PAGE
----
26-Sep-2004, 16:03
According to www.largeformatphotography.info/lenseslist.html, the image circle, probably at f/22, is 312 mm, barely enought to cover the 8 x 10 format. Similarly, the Nikkor 150 has an image circle of 400 mm, which leaves some room for movement.

It is not entirely clear what you mean by cropping down. If you want to crop the image from the 120 mm lens, so the resulting image presents the same angle of view as a 150 mm lens, then you need to crop by 120/150 = 4/5 or 80 percent. The image circles would not be relevant. As long as you have a complete image you are satisfied with from the 120 mm lens, you can choose any section of it with dimensions 80 percent of the original image on 8 x 10 film, and 20 percent of the 120 mm image would be left in each direction. If you want to mask the 8 x 10 film so that the angle of view is that of a 150 mm lens, just make the dimensions of the opening 80 percent of those for the 8 x 10 frame size. That would be a bit less than 6.4 x 8 inches because the 8 x 10 frame is a bit less than 8 x 10 inches to start with. I don't do 8 x 10, so I don't know the exact size, but that information should be readily available. What you cover up with the mask would be film that is left over, and it would presumably be blank if your mask worked well. Or perhaps you want to cut down the film to a smaller size and somehow mount it in a film holder. Well, you can also do that and the dimensions would be the same.

If you mean something else, let us know.

Glenn Kroeger
26-Sep-2004, 16:57
My answer agrees with Leonard. Image circles are irrelevant to angle of view calculations (assuming they are large enough to cover).

With a 120 on the Hobo with 8x10 film, you will be able to crop down to approximately 6.4"x9" to replicate your angle of view.

If you want to get more exact, you need to know the actual image dimension of your 6x7. Different 6x7 cameras and backs make slightly different image sizes, usually about 56mm x 67mm.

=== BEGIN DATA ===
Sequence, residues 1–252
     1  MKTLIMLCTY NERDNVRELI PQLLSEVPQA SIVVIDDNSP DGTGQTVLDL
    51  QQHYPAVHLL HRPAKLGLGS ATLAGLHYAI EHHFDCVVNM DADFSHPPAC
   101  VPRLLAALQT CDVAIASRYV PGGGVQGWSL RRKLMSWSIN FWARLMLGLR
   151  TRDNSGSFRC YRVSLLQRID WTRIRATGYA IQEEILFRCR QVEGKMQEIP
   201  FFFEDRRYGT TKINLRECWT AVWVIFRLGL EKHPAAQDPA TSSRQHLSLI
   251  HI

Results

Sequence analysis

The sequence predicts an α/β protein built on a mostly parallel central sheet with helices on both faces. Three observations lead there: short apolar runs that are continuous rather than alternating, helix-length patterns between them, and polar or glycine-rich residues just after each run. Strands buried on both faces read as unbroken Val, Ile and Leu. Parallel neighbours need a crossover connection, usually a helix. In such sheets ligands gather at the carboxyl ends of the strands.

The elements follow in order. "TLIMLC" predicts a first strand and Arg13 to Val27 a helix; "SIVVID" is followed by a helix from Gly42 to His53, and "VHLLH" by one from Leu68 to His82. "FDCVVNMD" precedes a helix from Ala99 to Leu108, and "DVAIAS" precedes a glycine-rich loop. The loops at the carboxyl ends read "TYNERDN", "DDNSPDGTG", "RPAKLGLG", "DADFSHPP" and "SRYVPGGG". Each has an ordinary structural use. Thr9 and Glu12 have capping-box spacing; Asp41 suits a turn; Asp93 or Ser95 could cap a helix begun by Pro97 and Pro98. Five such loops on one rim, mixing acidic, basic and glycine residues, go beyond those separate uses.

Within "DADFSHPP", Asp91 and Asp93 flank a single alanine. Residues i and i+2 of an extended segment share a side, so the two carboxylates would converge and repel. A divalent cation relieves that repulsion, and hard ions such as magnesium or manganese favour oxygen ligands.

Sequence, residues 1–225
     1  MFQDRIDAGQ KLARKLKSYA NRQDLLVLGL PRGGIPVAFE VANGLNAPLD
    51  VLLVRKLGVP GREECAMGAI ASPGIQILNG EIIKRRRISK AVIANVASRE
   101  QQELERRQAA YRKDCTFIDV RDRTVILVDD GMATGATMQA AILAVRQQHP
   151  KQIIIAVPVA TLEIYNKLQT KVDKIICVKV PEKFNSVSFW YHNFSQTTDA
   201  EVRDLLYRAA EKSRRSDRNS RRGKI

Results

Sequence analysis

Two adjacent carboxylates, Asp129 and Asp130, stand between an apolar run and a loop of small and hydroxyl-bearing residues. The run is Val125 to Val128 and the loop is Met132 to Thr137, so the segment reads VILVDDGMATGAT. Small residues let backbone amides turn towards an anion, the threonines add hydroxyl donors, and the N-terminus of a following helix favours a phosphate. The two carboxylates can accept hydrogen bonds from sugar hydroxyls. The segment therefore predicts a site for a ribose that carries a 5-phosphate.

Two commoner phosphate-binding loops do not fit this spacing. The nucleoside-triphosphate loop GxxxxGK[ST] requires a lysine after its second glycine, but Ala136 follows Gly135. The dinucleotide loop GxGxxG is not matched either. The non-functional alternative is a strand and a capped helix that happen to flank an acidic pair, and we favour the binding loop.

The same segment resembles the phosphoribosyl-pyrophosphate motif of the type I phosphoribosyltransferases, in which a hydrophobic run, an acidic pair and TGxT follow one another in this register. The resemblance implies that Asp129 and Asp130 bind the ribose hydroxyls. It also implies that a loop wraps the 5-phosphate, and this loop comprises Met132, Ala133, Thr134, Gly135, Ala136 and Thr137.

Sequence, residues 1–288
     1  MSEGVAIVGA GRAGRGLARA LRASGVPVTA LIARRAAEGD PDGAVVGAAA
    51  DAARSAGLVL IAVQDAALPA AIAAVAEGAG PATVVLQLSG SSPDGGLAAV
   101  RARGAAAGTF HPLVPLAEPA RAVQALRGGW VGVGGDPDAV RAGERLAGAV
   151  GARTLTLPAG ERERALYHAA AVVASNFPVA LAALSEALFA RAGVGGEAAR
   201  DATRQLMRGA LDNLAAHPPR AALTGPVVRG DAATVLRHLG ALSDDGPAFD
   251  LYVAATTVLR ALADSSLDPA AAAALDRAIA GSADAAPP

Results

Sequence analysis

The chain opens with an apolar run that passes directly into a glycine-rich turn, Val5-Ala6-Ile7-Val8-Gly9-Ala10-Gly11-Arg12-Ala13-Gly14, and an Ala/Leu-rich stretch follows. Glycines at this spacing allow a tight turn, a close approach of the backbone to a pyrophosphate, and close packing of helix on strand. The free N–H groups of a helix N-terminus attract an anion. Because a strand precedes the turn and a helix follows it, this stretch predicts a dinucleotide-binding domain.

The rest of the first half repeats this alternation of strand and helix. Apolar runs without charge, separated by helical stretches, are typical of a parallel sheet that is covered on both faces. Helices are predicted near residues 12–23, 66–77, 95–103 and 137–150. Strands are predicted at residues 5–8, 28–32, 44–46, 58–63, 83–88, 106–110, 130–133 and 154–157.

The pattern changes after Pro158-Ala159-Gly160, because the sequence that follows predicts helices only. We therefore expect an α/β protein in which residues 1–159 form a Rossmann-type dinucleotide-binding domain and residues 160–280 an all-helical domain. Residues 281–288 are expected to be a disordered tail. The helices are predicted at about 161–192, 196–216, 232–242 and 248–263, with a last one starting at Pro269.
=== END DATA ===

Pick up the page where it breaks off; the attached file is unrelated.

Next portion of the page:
Remember, with sheet films, both 4x5 and 8x10, you need to allow some room on the edges since actual image area isn't that big, and processing clips often intrude into the image area. So you are much better off to go slightly wider and crop to your desired image area... on 4x5 you would be safer with a 65mm than 75mm lens for that reason.

Glenn Kroeger
26-Sep-2004, 17:00
Typo, that should have been 6.4x8"

Richard Fenner
27-Sep-2004, 01:48
Thanks people. Yes Leonard, this is what I meant but seemed unable to properly describe.

I was curious about the need to provide lens data - it seemed to me as long as it covered (and I knew they did), it was irrelevant. Still, in the past what people think to be irrelevant is sometimes relevant. I realise at f22 the 120mm only has an image circle of 312mm, but that should mean at f32 it covers, and this scenario requires no movement. Previous threads on this lens indicate no problems covering 8x10 with only a whisker of movement.

Glenn, I'm often puzzled when people complain about clip marks in the image area. There is a solution - change labs!

Ernest Purdum
27-Sep-2004, 06:55
Regarding the focusing problem, I suppose you don't have a means of measuring the ceiling height. If you did, you could place the camera at that distance from a wall, focus, lock the focus and set the camera on the floor lens up.

With an unknown ceiling height, a somewhat more elaborate procedure should work. With the camera on the tripod pointed up, focus on the ceiling and lock the focus. Measure the distance from the camera back to the floor. Now point the camera at a wall and move the camera until the wall is in focus (a dolly or cart of some sort would be very helpful). Now move the camera backward by the distnce of the back to floor measurement taken earlier. Refocus and lock.